Moldovan separatists complain to EU about central government

FILE PHOTO: Defender of the Fatherland Day celebrations in Transdniestria

By Alexander Tanas

CHISINAU (Reuters) - A week after the European Union launched membership talks with Moldova, the country's separatist region complained on Tuesday that central authorities had ignored its proposals to settle their long-running dispute and imposed a "banking blockade".

The leader of the pro-Russian separatist Transdniestria region, Igor Krasnoselsky, told the EU ambassador in a rare meeting that Moldova's government had ignored its proposed declaration calling for a peaceful settlement.

"The declaration is a good, positive step. The Moldovan position, refusing to sign a document about peace, is incomprehensible," Krasnoselsky told EU ambassador Jānis Mažeiks, referring to the document he said was presented in May.

"Everyone, including the Moldovan side, talks about peace and ruling out aggression. Let's sign and make this wish plain."

Krasnoselsky also told the ambassador that the bank accounts of Transdniestrian businesses in Moldovan banks had been closed, restricting their access to EU programmes intended to ease trade with the 27-member bloc.

This, he said, amounted to a "banking blockade".

Transdniestrian authorities earlier this year denounced Moldovan customs duties on goods leaving and entering the region, and elected officials called for help from Russia.

Transdniestria, a sliver of land on the border with Ukraine, split from Moldova in the final days of Soviet rule and engaged in a brief 1992 war with the newly independent state.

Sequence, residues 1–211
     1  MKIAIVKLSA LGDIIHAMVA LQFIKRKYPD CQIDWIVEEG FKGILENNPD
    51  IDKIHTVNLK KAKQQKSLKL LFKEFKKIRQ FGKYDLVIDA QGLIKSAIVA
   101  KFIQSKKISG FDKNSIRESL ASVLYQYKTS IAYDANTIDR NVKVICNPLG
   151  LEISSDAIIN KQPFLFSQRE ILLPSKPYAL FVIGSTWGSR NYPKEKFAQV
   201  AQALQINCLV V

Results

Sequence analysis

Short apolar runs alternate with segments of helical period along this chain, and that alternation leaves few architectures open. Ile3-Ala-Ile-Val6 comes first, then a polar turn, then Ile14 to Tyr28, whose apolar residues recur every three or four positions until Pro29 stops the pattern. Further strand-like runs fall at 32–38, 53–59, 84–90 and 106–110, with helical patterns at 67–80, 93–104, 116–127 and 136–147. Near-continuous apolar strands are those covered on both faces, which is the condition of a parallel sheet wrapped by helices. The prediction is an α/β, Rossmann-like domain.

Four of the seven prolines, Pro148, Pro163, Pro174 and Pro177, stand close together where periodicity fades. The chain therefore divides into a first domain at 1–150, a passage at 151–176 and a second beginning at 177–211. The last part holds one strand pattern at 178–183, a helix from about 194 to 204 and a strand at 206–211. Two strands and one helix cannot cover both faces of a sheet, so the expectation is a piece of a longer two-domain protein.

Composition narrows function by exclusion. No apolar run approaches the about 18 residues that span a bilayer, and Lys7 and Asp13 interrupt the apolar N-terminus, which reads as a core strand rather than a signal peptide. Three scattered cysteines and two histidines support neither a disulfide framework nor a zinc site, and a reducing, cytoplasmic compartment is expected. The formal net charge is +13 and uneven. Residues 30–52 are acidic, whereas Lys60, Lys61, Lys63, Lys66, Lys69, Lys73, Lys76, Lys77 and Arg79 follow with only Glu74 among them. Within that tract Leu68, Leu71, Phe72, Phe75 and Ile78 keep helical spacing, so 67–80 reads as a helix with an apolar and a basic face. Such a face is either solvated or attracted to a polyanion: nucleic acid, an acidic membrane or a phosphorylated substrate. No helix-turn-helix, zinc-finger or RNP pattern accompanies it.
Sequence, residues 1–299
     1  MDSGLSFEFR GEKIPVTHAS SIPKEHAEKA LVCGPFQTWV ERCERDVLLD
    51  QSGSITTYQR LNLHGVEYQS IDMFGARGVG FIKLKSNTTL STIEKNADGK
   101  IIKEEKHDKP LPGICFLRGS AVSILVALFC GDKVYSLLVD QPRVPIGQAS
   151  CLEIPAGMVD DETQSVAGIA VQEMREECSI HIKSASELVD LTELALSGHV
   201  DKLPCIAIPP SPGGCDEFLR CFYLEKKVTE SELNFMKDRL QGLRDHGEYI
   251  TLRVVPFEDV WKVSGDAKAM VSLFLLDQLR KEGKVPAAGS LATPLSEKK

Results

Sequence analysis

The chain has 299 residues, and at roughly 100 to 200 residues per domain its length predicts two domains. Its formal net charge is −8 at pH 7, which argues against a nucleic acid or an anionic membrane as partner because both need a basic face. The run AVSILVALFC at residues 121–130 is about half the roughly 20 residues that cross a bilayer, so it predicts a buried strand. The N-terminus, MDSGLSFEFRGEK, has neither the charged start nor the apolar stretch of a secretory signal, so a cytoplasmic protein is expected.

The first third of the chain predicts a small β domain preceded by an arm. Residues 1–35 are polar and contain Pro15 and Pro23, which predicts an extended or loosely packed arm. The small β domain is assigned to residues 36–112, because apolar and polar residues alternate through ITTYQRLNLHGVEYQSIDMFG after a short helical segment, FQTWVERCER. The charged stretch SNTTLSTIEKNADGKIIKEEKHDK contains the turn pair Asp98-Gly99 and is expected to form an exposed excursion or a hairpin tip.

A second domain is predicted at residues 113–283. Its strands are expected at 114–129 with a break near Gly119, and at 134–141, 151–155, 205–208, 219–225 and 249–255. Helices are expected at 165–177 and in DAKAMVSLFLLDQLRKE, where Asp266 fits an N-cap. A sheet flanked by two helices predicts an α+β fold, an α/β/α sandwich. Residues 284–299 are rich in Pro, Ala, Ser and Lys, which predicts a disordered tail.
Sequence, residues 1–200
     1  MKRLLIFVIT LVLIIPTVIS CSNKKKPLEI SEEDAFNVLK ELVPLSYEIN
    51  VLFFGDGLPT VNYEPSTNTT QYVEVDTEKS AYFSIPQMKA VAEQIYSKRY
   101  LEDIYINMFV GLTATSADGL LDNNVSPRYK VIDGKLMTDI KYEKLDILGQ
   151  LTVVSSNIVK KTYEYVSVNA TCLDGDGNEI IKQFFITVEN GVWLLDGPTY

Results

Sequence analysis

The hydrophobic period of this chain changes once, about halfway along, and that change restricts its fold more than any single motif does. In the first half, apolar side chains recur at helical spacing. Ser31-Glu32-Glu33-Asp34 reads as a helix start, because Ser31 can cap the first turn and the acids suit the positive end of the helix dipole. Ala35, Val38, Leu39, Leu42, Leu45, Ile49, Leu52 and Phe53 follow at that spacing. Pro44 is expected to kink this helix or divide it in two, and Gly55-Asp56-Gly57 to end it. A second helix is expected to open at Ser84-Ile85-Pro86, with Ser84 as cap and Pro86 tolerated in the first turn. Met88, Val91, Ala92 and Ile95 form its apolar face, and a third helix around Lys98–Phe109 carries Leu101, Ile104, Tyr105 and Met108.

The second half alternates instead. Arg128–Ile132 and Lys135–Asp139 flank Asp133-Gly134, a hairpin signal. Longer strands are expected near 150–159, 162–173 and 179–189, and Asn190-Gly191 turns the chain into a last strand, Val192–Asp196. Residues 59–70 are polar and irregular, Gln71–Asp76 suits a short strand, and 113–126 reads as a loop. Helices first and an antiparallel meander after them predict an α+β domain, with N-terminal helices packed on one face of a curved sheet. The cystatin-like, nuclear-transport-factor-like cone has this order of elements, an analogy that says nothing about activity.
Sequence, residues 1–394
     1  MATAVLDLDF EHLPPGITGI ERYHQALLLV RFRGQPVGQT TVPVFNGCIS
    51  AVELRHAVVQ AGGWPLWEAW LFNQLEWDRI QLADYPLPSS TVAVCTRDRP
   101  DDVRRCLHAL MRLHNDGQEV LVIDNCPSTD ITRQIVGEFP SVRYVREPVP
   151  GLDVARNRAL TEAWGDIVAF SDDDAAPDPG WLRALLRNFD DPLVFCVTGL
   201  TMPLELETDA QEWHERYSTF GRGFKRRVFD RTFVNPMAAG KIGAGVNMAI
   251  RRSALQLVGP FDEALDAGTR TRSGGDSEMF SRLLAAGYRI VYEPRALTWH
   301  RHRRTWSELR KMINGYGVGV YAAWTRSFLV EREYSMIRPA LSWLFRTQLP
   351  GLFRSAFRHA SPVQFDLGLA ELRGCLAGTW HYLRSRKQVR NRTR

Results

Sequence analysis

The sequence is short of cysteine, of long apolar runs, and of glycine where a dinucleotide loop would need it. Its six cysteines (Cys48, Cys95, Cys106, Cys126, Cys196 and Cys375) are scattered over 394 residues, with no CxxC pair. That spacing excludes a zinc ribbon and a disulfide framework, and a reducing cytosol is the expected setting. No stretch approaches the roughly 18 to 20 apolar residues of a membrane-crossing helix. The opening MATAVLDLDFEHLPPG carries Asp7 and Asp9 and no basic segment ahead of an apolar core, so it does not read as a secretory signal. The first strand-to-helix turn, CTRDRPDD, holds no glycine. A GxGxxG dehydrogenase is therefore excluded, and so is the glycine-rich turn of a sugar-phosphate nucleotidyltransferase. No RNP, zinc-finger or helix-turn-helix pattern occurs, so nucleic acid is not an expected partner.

It functions with heavy backing from Moscow and the two sides have existed side by side with few incidents for more than 30 years.

Moldova seeks an overall solution under which the region would be fully integrated into its territory.

But Russia's 2022 invasion of Ukraine had halted all efforts of the "5+2" talks to find a settlement, which included Russia, Ukraine and the Organisation for Security and Cooperation in Europe as well as the European Union and the United States.

Moldova's Bureau for Reintegration told the news outlet that the proposed declaration had "unscrupulous aims" and pledged to press on with its diplomatic efforts.

Moldovan President Maia Sandu has made EU membership the cornerstone of her policies in the country lying between Ukraine and Romania. Membership talks opened with Moldova and Ukraine last week and Moldova hopes it will be able to join by 2030.

Sandu has called an October referendum on joining the bloc, to be held alongside a presidential poll in which she is seeking re-election.

(Reporting by Alexander Tanas, Editing by Ron Popeski and Josie Kao)